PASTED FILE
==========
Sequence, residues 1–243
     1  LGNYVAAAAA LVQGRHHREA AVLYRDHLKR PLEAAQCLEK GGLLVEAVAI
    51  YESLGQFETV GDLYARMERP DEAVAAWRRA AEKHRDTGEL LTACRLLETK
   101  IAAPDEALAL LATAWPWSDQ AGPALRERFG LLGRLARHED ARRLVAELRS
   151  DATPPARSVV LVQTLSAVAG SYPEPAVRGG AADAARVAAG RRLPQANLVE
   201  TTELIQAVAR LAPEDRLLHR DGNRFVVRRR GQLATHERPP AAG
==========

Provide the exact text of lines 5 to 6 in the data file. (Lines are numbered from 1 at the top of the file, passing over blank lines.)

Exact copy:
   151  DATPPARSVV LVQTLSAVAG SYPEPAVRGG AADAARVAAG RRLPQANLVE
   201  TTELIQAVAR LAPEDRLLHR DGNRFVVRRR GQLATHERPP AAG